Wednesday, December 12, 2007

New Stuff on the Blog a Holiday Entertaining Idea and Some Inspiration

The blog has seen a lot of activity this week. Make sure you scroll down in order to keep up with the comings and goings, thoughts and ramblings of the staff.

New to the sidebar (look to the right of the screen) is a link to the World Clock. The default setting for the world clock is "Year" and the scrolling numbers represent accumulations over the past twelve months. If you click the "Now" button at the top, most values will reset to zero. It's a pretty interesting look at the state of the population and the rate at which we produce and consume.

If you are planning your holiday party this year, keep in mind the impact of your dishes and cutlery. Most of us do not own enough plates, glasses, cutlery etc... to stage a house party. Your options for putting your hands on more stuff are kind of limited. Obviously we'd prefer that you not buy foam plates, plastic cups and plastic cutlery. These are single use items that are not recyclable nor are they biodegradable. Foam and plastic will simply sit in a landfill for hundreds of years. Your best option would probably be to rent from somewhere like Parkland Party and Equipment Rentals. Sure, there is an energy cost to washing and sterilizing the dishes after each rental. However, there are no new materials being consumed to produce new items and there is no waste heading to the landfill. It's a trade-off but it's probably the best option in the end. If you must buy disposable, head on over to the Waste Reduction Store. They have disposable biodegradable cutlery, plates and glasses. Their containers are made from potato, corn and sugar cane by-products. They breakdown quickly in a landfill, release no harmful chemicals into the air or ground water and consume very few resources in terms of new, raw materials. We use them here at the Nature Centre for large events and public gatherings.

And finally - for today at least - get inspired to take some local action to help your planet. Here is Al Gore's Nobel Prize acceptance speech.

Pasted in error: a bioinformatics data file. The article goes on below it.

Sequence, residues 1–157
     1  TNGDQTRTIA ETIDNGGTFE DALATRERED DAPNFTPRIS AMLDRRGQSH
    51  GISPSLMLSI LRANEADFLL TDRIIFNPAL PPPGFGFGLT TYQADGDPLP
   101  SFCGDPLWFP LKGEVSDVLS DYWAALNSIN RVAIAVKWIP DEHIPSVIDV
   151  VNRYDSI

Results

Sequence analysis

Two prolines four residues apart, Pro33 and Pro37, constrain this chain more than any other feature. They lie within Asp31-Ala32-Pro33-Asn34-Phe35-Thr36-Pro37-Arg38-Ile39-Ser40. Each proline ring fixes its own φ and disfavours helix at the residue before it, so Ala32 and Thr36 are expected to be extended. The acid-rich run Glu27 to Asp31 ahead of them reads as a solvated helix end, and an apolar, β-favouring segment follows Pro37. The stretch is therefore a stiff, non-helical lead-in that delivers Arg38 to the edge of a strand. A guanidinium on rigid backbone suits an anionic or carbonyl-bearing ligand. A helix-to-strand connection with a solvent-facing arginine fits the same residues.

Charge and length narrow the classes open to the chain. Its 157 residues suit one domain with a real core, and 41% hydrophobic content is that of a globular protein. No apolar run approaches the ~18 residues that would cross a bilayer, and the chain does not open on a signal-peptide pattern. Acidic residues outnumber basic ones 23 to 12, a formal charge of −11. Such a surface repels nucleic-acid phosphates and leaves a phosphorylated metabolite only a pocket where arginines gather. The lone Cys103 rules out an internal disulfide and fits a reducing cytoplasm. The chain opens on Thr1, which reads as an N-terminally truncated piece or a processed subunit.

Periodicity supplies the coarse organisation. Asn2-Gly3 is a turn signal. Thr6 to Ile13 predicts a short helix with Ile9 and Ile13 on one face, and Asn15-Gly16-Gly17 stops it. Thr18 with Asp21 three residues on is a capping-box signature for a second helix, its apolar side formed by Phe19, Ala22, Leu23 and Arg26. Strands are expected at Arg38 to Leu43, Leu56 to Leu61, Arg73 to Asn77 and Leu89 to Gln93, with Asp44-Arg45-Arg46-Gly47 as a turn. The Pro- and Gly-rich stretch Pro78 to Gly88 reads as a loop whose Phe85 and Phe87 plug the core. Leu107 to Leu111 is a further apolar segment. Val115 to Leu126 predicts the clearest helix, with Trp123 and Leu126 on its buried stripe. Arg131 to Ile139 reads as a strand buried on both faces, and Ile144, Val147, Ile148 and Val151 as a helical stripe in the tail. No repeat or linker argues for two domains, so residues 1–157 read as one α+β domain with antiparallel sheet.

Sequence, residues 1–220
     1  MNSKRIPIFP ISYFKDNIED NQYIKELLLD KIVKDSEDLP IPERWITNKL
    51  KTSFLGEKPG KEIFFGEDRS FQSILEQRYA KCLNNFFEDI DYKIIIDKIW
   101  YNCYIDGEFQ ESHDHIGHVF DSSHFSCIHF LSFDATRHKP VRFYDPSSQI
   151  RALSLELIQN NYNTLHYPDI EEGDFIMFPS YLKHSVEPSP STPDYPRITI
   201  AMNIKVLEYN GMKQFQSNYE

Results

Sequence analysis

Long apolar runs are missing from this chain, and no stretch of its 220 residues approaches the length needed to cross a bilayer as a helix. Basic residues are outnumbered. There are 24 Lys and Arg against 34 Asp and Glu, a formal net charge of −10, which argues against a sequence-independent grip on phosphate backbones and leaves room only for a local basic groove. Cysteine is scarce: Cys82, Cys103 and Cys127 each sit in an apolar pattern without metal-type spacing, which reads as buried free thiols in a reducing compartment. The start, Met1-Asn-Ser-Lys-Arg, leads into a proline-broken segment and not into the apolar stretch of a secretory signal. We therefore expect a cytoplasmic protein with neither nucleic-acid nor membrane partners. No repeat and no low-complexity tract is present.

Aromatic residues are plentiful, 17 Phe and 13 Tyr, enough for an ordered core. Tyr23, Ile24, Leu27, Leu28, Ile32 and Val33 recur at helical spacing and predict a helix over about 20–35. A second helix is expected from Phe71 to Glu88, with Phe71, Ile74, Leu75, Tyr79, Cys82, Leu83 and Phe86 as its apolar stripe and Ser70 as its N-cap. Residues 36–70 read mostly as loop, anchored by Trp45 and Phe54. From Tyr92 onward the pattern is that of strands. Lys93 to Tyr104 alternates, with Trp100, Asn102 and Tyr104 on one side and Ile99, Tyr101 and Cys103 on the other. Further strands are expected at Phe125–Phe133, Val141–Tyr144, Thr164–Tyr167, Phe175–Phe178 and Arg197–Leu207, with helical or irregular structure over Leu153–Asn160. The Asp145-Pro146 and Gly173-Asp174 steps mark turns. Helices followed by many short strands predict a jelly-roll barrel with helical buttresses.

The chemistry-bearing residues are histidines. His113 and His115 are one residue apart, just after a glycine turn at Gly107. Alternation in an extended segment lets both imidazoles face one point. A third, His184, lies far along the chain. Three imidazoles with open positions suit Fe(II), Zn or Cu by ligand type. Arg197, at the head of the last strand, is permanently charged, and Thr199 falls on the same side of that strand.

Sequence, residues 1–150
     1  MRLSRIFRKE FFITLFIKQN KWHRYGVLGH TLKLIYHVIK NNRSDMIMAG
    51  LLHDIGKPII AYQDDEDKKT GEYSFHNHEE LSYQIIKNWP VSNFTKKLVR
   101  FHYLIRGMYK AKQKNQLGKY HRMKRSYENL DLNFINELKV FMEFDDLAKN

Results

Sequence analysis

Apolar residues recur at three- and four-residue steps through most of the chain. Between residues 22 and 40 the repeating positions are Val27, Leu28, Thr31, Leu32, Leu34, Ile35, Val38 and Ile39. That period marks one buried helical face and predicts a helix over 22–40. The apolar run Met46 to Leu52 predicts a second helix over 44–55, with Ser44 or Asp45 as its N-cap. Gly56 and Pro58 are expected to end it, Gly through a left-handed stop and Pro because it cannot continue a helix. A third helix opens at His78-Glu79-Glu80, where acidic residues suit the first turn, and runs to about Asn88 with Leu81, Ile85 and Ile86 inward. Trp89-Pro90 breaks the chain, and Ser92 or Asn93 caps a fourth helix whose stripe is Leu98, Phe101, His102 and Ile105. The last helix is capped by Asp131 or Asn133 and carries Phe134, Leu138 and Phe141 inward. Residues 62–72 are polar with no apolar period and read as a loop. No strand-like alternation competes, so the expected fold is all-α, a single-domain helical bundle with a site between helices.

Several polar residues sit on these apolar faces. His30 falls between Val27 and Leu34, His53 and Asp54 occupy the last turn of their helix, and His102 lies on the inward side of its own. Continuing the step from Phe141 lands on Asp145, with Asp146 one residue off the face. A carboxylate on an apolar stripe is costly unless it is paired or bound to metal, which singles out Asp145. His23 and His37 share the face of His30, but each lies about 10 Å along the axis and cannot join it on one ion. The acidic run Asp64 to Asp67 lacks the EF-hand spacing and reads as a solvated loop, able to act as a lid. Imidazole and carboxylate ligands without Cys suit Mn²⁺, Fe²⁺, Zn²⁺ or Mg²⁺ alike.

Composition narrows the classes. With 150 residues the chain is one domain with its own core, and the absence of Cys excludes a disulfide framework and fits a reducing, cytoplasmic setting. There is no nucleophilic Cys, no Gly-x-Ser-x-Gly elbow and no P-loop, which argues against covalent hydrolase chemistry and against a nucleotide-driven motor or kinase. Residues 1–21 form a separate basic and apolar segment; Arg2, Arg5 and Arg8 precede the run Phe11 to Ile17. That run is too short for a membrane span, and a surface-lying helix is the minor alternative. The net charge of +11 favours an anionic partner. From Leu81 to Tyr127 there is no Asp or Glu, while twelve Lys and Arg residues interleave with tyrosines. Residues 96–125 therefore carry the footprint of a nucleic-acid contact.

Monday, December 10, 2007

Now that winter's here...

...we can ring in the New Year! We have some great events coming up in January here at the Nature Centre!

Join us New Year's day for some family winter fun. From noon til 5 p.m., enjoy a barbeque and winter activities. Call 346-2010 for more details.

Get your mountain culture fix with the Banff Mountain Film Festival World Tour, in Red Deer on January 10 & 11. There are still some tickets available: call 346-2010 or pop in to Valhalla Pure Outfitters, our co-presenter for this event, to reserve yours today!

On January 12 & 13, come to the Red Deer Rock and Gem Show, co-presented with the Red Deer Rock and Gem Society (a great bunch of guys who know practically everything about rocks). This year, we're showcasing Jobs that Rock, a.k.a. jobs that have something to do with rocks or the Earth. Lots of fun activities are planned, so come have a look!

Then, on January 26, we're hosting another Eco-Session, this time on Freecycling and Community Gardening. (In case you're wondering, freecycling is a grassroots movement of people trading their unwanted goods through a web-based group, and community gardening is just that, a garden worked by the community.) This one will be admission by donation, so come on out and support the Nature Centre while you learn more ways you can help the planet.

And that's not all! Public planetariums, singles' night, kid's sessions....winter doesn't slow us down. Remember to call the Nature Centre for more information about our winter schedule, then come out and have some frosty fun!

Tuesday, November 27, 2007

To the Top of the Wall

Now don't go dashing away just yet. The snow is falling, the temperature is getting downright cold, the lakes and rivers are freezing over and the car-accident rates are going up. It must be getting to be winter in Central Alberta.

Winter in the Sanctuary means getting out on snowshoes and listening to the Red Squirrels cuss you out for daring to be under their tree. Winter in the Sanctuary means tracking the local deer and coyotes through the grass by following their footprints. Winter in the Sanctuary means watching the pre-schoolers lying on their backs in the snow trying to catch the falling flakes; wishing that you had the time to join them.